In view of the timing of recent concerts at Howard Assembly Room I was a bit wary about going to see this event. The American composers night was at Thanksgiving and Solstice on the appropriate day so Quartet for the End of Time seemed to be tempting fate. Fortunately 15th January was the anniversary of the piece’s first performance in 1941 rather than a prophecy so all was well. Not only was this not an ending, it was a beginning in that I discovered how to really listen to music and appreciate it.
I was unfamiliar with the work of Messiaen before this event possibly because of its genre. It is more descriptive than tuneful so, had it been playing on the radio whilst I was in the shower I would have probably not taken much notice. It is certainly not background music, nor will it have you whistling along to the melody.
It consists of complex rhythms and uneven beats. The composer said that nature is uneven as shown in the waving tree branches, rippling water and movement of clouds, which is why it is more difficult to follow.
The piece was written in a German prisoner of war camp in Silesia, where Messiaen was being held, after persuading a guard to let him have a pencil and some paper. There were other musicians incarcerated in the facility and a quartet of inmates gave the work its premier in a hut at the camp on the bitterly cold 15th January, 1941. It takes its title from the Book of Revelation when the Angel of the Apocalypse says ‘There shall be time no longer.’ It must have certainly felt like that.
When I entered the wonderfully versatile Howard Assembly Room I saw that it had been set out not ‘in the round’ as such, more ‘in the rectangle’. The flat edge of the magnificent Steinway grand piano was on one side with the seats for the clarinetist, cellist and violinist nestled in its curve. There were three or four rows of seats on each of the four sides as well as those in the balcony.
I had been allocated a spot in the second row of the stalls facing the piano meaning the members of the quartet, other than the pianist, would be obscured from vision, being on its other side. That was to change, as a huge chap took his seat bang in front of me thus blocking my vision of the piano stool, and a lot of the rest of the hall as well! I have no problem with this, I am pushing 6ft tall myself and, up until about ten years ago, tipped the scales on the north side of 20st. so probably obscured many an audience member’s view in my time.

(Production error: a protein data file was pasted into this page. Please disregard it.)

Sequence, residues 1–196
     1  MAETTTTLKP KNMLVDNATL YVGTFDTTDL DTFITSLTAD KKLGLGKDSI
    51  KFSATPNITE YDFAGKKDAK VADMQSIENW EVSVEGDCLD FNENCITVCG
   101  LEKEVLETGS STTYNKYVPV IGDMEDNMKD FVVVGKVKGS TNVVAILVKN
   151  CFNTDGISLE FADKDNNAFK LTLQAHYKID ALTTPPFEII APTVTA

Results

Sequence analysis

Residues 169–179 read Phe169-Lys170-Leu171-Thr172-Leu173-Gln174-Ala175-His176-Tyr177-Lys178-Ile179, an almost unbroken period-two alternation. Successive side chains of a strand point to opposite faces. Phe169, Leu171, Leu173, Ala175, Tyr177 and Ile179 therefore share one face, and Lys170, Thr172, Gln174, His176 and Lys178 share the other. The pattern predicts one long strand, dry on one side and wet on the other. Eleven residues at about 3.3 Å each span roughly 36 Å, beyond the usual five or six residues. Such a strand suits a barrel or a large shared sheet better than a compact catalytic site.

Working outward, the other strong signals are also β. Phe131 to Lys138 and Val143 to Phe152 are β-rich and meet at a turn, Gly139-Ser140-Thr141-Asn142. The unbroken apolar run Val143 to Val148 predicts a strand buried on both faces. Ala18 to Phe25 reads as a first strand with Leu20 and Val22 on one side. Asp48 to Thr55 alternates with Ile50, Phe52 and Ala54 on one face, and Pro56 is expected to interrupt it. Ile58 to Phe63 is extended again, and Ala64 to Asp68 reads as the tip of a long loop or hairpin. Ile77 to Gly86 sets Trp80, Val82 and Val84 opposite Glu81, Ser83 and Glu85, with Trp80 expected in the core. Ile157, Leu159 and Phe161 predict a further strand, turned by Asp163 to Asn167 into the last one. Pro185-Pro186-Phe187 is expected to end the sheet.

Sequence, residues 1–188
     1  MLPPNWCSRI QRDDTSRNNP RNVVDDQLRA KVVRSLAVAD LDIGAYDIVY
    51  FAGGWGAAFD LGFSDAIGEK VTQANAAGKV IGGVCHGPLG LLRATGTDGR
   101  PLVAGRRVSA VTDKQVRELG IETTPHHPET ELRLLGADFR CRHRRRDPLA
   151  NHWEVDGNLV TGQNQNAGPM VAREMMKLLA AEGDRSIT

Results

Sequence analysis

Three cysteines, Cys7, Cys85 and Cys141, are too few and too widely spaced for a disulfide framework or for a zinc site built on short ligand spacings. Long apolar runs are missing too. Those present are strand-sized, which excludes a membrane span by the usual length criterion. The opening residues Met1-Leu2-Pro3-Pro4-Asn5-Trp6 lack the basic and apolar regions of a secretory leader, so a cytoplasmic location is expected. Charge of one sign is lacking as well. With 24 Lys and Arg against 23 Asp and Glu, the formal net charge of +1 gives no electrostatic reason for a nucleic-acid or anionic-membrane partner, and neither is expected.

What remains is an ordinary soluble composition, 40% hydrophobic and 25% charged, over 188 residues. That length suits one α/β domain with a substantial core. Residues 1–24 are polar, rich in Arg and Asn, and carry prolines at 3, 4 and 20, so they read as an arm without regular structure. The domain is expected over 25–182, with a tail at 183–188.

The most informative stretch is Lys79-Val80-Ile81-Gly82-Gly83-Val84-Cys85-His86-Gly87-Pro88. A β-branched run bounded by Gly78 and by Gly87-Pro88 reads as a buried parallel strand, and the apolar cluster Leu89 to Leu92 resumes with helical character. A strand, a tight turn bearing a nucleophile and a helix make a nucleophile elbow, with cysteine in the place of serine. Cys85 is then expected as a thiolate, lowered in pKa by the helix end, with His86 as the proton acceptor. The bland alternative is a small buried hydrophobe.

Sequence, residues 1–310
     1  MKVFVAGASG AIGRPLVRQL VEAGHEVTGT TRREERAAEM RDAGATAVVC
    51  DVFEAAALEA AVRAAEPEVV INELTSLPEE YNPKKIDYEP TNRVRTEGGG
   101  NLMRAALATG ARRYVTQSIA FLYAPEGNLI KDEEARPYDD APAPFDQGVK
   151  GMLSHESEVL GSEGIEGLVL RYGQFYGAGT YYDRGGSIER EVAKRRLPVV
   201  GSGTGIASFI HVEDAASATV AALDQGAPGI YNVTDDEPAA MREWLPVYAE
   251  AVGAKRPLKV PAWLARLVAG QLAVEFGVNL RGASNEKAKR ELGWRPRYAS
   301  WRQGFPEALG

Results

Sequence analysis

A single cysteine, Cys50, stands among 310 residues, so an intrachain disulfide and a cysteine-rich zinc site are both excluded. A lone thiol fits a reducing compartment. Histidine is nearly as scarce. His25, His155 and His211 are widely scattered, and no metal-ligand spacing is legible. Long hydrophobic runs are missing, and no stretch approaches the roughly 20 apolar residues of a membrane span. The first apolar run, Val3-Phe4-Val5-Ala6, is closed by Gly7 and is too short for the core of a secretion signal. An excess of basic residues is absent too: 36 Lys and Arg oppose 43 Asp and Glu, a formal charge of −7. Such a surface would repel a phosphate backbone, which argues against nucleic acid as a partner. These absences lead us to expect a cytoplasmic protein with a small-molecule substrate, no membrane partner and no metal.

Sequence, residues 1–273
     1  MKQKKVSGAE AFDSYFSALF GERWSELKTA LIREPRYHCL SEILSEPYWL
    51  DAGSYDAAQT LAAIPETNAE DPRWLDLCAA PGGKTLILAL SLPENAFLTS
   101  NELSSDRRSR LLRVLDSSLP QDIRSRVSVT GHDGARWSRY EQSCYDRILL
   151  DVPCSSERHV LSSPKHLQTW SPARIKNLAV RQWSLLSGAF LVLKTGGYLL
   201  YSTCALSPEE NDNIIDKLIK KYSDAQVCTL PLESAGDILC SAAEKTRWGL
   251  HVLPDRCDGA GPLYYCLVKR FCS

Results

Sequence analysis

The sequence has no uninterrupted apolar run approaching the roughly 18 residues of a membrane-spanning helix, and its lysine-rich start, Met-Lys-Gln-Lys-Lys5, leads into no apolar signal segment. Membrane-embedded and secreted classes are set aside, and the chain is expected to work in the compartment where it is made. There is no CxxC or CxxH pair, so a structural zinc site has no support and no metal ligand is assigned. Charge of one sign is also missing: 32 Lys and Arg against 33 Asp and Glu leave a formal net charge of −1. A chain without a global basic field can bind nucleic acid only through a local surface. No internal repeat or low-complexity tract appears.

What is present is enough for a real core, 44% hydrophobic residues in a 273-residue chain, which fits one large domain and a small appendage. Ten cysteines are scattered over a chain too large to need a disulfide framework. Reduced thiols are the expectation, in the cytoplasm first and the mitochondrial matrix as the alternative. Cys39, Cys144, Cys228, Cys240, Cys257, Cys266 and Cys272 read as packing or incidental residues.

Being a ‘glass half full’ kind of guy, not an optimist, just a heavy drinker, I decided to make the most of the circumstances and once the recital began, concentrate on the music. I would like to thank my fellow attendee for his contribution to my enjoyment of the evening because, when the concert began I closed my eyes and was swept away into another world.
Because I wasn’t distracted by the visual aspect of the performers, I could devote all of my attention to the sound and use my imagination as to what it must have been like in the camp, the work being almost a soundtrack to the daily life. There was everything from birdsong to crashing noise summoning feelings of serenity and threat.
What made this experience a revelation was that the room was totally silent and, being a public performance rather than a recorded or broadcast version, there was no alternative but to listen and concentrate, with no temptation to go make a couple of tea, or even break the spell by drinking one. I had resisted the lure of the bar as it was only 4.00pm so a bit early, even for me. It was just me and the music.
The performers are all members of the Orchestra of Opera North and so were masters of their art and the inclusion of the clarinet, played by Andrew Mason, gave the piece a lot of depth as well as variety. On a couple of occasions I thought that they were about to burst into Gershwin’s Rhapsody in Blue, which would have been appropriate as, during the introduction by pianist, and Opera North’s Head of Music, David Cowan, we were told that Messiaen said that he saw colours when he wrote; this piece was orange! Apart from piano and clarinet, there was a cello, played by Daniel Bull, and Andrew Long, Acting Co-Leader of the Orchestra of Opera North, played violin.
As previously mentioned, I am not familiar with Messiaen’s work but assume that this is a fair example. That being the case I would advise that it is possibly not for those who like the more mainstream classics but, should you be wanting to broaden your experience, then it is well worth devoting your attention to. I am certainly glad that I made the effort to expose myself to his work although whether I have the self-discipline to recreate the experience at home is another thing entirely.
I must say that this was probably the most fulfilling hour I have spent in a long time and the serendipity of the seating turned what might have been a new, difficult experience into one which could serve me well for years to come when listening to music, The End of Time permitting.
To see what is coming up at Howard Assembly Room please go to https://www.operanorth.co.uk/event-tag/har/
Unless otherwise stated, all photographs by Stan Graham. Feature image is – from left to right – Andrew Long, Andrew Mason, Daniel Bull and David Cowan